You Only Need 3 Things On Your Resume

Written by on October 27, 2014 in Blog, Careers, resume tips, Resumes with 2 Comments

3 Important Sections of Your Resume

I have been reviewing resumes for more than 30 years. During that time, I think I’ve seen it all—from one-page resumes to ones that looked more like small books, weighing in at 30 plus pages.

The crazy thing is that the vast majority of people continue to include things that aren’t necessary on their resumes. What’s the big deal? you might ask.

The big deal is that the people screening those resume are looking for specific skills and accomplishments. They don’t want to have to wade through unnecessary material to find out if you are qualified. Despite what anyone might tell you, you only need 3 things on your resume.

The PEA Method

  • Personal
  • Education
  • Accomplishments

Keep in mind that the accomplishments is another way of saying “work history” or “experience,” but I like using accomplishments because it reminds you that the work history section should consist mostly of accomplishments—that should be the meat.

Yes, you’ll have the companies you worked for, and the titles of the positions you held, and the dates when you worked—but what really matters is what you accomplished.

Let’s Get Back To the Resume

Your personal information should be at the top, and it should include your name, address, phone number, and email. Nothing else.

Next should be your education, and if you’ve read my book on resumes, you’ll know that education should be at the top.

Following that is your work history. Everything the company needs or wants to know will be contained in either the education or the work history.

  • They don’t need to see an objective, or summary, or a paragraph or two of your skills.
  • They don’t need to see your patents and publications right now.
  • They don’t need to know what your hobbies are or what societies you’re a member of.
  • They don’t need any personal details other than what you provided up top.

An argument could be made that language skills or special skills with computers could be added in a skills section and I have no problem with that. But for now let’s talk about the parts we mentioned, and about work history in particular.

Your work history is the key to the resume. This is where you should focus efforts to show the company that you’re the person for the job. Analyze the job description, determine exactly what the company is looking for, and then tailor your resume.

Bottom Line

The company doesn’t want a lot of detail or extra information in your work history section. All they really want is to know whether you’re the person who can solve their problems. The sooner you can convince them, the better off you’ll be.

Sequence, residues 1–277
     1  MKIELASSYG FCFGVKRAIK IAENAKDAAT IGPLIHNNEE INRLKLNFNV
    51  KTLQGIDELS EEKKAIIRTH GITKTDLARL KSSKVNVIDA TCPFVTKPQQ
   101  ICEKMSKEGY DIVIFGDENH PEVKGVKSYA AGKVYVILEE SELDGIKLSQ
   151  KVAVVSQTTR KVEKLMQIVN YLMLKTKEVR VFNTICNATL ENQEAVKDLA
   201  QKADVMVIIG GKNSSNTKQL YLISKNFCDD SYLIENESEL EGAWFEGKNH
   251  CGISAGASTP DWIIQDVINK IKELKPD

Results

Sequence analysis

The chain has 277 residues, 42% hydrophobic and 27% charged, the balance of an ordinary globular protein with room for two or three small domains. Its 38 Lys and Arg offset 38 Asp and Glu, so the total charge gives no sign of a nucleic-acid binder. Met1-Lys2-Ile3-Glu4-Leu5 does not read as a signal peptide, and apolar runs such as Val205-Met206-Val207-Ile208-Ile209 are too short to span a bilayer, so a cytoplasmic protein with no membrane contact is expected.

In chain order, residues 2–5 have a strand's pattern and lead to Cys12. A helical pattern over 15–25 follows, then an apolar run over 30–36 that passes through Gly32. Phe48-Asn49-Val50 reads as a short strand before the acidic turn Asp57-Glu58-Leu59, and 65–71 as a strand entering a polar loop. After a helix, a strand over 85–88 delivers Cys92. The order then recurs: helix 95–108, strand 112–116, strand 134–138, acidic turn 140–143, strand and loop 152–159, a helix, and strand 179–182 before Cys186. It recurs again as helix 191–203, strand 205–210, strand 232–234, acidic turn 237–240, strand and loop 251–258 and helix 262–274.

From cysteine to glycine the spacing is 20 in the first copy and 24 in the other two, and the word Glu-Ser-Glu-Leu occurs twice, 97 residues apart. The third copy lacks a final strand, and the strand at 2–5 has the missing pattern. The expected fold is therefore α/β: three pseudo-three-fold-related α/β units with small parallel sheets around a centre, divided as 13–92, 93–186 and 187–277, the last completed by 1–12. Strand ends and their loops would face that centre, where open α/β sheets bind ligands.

Note

If you’re worried about the ATS and having keywords that will be picked up by the bots, trust me, there are better ways of including keywords than listing them in a summary or skills section.

If you enjoyed this post, please share.

Jim (Giacomo) Giammatteo is the author of gritty crime dramas about murder, mystery, and family. And he also writes non-fiction books including the No Mistakes Careers series.

He lives in Texas where he and his wife have an animal sanctuary with 45 loving “friends.”

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About the Author

About the Author:

When I’m not headhunting, or writing, I help my wife take care of our animal sanctuary. At last count we had 45 animals—11 dogs, 1 horse, 6 cats, and 26 pigs. Oh, and one crazy—and very large—wild boar named Dennis who takes walks with me every day and happens to also be my best buddy.
For information on my mystery/suspense books, go to giacomog.com

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2 Reader Comments

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  1. avatar David Ryan
    Twitter:
    says:

    I agree with almost everything you have here but not the part about listing education near the top. Unless someone is applying to work at a college or university, where it matters if you have more than a two- or four-year degree, or a law firm, companies don’t care where you went to school. As you say, you have to convince them that you can solve their problems. Education is important, but culture (the right fit) and experience are more important.
    David Ryan recently posted..Fear and Loathing Conquered, Writing Contests EnteredMy Profile

    • avatar giammatteo
      Twitter:
      says:

      Hi, David, and thanks for the comment. The reason I suggest education at the top is because from extensive polling, most resume screeners seem to seek out education first, when evaluating a resume. Sometimes it’s simply to see if a person has a degree, and other times to see what the degree was focused on. In either case, if the education is buried in the resume, it breaks the flow of reading. They are going to find that education and they’ll typically look at it first. So we might as well put it up front.

      As to your statement that culture and experience are more important, I couldn’t agree more. In fact, I wish most companies would do away with strict educational requirements, as I don’t think that contributes to success in most cases.

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